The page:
The Role of p53 in Cell Transformation by BPV-4

Scobie, Linda (1996) The Role of p53 in Cell Transformation by BPV-4. PhD thesis, University of Glasgow.

Full text available as:
Download (14MB) | Preview


Bovine papillomavirus-type 4 is associated with benign papillomas which can progress to carcinoma in cattle grazing on bracken fern. Bracken is known to contain immunosuppressants and cocarcinogens which can act as cofactors and these are known to be required for progression in vivo. One of the best characterised of these cofactors is the mutagen quercetin. BPV-4 has been shown to be capable of partially transforming primary bovine fibroblasts (PalF) cells in vitro in the presence of an activated ras and when these cells are additionally treated with quercetin they become tumourigenic in nude mice. The transforming functions of BPV-4 are encoded by the E7 and the E8 ORF's. BPV-4 is unusual in that it does not possess an E6 ORF. E6 has been shown to be one of the major transforming oncoproteins of the human papillomaviruses and is known to bind and degrade the tumour suppressor protein p53. This abrogation of the p53 protein is known to contribute to tumour progression by the high risk papillomaviruses such as HPV-16 and 18. As BPV-4 does not encode E6 functions, this would suggest that if p53 dysfunction is important in BPV-4 cell transformation, it may occur by alteration of the cellular gene. In order to look at possible p53 mutations in alimentary cancer of cattle, a 14kb genomic clone containing wild type p53 sequence was isolated from a bovine liver genomic DNA library and sequenced. This clone was used to localise bovine p53 to chromosome 19q15 which is known to be syntenic with human chromosome 17 and mouse chromosome 11 both of which harbour the p53 gene. Immunocytochemical analysis of BPV-4 derived lesions demonstrated that elevated levels of p53 protein were detectable in papillomas but not in carcinomas. BPV-4 E7 was found to be present at all stages of papillomatosis as was BPV-4 viral DNA as detected by in-situ hybridisation. Neither viral DNA nor BPV-4 E7 were detected in normal palatine tissue or in carcinomas which is coincident with the loss of viral DNA previously reported for tumours in vivo. The elevated levels of p53 in some of the papillomas were shown to be a result of the presence of mutations in p53 exon 7 as determined by SSCP-PCR and sequencing. Mutant p53 was also detected in two metastases of upper alimentary canal tumours. The addition of mutant p53 to PalF cells in vitro in the presence of BPV-4, ras and HPV-16E6 caused these cells to become tumourigenic in nude mice. In these tumorigenic PalF cell lines, mRNA expression of the BPV-4 viral oncoprotein E8 was shown to be elevated. Cotransfected mutant p53 mRNA expression was also detectable. This would suggest that p53 mutation plays a role in tumourigenic progression by BPV-4 both in vivo and in vitro. In this study we demonstrate that the lack of an E6 in BPV-4 may be compensated by the presence of a mutated p53 gene in BPV-4 induced carcinomas. These p53 mutations may arise due to cofactors present in bracken fern, and p53 mutations were detected in BPV-4 and ras transfected PalF cells that had been treated with quercetin. However, p53 mutations were detected in transfected PalF cells which had not been exposed to quercetin treatment. We also demonstrate that the additional functions provided by HPV-16 E6 (16E6) in vitro are at least in part, independent of the p53 binding and degradation function. The data suggests that an exogenous 16E6 can supplement in vitro other functions of BPV-4 which are responsible for progression in vivo. HPV-16 E6 was also demonstrated to possess a function confering anchorage independence, which mapped to the cysteines present in the zinc finger motifs of the protein. This study has demonstrated BPV-4 lacks more than one function that can be provided by an exogeneous E6 oncoprotein and that these functions may be independent of p53. In addition, p53 mutations were shown to be present in BPV-4 induced papillomas and carcinomas.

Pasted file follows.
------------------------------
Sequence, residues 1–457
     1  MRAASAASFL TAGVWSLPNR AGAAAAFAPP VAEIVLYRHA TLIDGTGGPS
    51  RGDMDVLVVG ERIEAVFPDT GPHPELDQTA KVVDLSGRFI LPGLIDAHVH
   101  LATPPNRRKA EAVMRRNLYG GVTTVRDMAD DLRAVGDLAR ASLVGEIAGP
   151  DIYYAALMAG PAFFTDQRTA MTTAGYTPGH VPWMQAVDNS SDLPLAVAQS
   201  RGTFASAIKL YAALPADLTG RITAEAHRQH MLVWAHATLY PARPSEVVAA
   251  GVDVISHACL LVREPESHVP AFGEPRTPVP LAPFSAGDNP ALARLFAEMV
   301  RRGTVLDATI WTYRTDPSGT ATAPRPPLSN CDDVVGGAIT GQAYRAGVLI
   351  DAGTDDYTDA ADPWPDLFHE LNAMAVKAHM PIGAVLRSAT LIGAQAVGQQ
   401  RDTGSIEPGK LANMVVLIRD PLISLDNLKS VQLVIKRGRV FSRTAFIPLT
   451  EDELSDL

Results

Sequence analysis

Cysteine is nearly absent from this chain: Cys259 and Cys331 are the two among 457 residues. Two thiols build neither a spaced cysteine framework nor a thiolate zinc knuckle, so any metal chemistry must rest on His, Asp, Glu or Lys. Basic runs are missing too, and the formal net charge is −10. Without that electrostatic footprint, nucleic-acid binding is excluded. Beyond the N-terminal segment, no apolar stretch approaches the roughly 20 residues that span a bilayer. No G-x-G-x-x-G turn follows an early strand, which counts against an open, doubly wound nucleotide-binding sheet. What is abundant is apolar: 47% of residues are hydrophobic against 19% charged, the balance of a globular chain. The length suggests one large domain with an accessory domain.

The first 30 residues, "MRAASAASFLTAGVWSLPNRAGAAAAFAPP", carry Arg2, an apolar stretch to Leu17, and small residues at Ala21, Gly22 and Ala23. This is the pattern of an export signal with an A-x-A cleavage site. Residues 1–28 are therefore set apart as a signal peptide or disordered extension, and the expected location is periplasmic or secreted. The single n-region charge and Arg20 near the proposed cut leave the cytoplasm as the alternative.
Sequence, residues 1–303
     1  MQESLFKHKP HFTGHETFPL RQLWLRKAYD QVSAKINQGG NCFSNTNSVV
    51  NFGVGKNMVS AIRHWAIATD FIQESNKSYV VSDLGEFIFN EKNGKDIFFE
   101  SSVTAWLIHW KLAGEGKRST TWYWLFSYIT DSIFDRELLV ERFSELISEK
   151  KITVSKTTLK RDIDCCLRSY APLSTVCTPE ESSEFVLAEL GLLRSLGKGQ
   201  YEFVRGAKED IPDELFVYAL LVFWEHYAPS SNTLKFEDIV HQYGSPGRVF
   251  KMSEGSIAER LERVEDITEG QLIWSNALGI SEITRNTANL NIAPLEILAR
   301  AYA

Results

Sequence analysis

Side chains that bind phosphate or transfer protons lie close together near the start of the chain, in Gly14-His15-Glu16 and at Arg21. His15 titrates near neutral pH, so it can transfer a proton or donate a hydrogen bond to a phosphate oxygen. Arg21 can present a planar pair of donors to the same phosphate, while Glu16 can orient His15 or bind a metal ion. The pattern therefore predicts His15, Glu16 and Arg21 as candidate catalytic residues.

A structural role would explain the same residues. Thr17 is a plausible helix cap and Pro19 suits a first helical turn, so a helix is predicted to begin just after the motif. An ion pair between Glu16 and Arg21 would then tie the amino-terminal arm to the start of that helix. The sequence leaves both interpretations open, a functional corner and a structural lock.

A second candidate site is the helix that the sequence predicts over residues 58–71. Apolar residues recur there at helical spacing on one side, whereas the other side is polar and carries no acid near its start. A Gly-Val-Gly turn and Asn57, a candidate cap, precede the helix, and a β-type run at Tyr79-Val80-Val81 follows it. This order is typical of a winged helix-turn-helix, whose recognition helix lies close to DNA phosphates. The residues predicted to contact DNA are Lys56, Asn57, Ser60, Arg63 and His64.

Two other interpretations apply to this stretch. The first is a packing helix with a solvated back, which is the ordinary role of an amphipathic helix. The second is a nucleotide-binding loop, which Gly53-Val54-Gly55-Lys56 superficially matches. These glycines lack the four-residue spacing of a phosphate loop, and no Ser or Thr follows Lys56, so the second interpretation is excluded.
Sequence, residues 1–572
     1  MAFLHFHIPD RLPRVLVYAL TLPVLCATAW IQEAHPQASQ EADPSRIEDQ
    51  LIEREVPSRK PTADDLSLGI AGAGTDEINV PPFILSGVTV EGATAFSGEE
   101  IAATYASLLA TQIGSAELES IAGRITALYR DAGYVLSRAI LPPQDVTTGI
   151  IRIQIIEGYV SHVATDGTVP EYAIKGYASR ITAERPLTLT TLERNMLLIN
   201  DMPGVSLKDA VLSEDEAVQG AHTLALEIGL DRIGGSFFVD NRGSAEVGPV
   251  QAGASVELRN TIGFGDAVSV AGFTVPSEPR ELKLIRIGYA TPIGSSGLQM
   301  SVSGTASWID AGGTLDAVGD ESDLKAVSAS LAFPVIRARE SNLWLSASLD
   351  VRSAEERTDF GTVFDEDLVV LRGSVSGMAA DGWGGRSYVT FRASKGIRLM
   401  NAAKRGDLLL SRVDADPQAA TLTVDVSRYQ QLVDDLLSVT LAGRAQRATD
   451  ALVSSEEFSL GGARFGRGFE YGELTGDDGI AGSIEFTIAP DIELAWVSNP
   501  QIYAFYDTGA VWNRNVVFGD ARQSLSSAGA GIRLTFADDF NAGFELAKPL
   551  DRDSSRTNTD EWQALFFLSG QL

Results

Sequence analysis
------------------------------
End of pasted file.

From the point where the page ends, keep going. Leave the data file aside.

Item Type: Thesis (PhD)
Qualification Level: Doctoral
Additional Information: Adviser: Robert McFarlane
Keywords: Molecular biology, Virology
Date of Award: 1996
Depositing User: Enlighten Team
Unique ID: glathesis:1996-75306
Copyright: Copyright of this thesis is held by the author.
Date Deposited: 19 Nov 2019 21:16
Last Modified: 19 Nov 2019 21:16

Actions (login required)

View Item View Item


Downloads per month over past year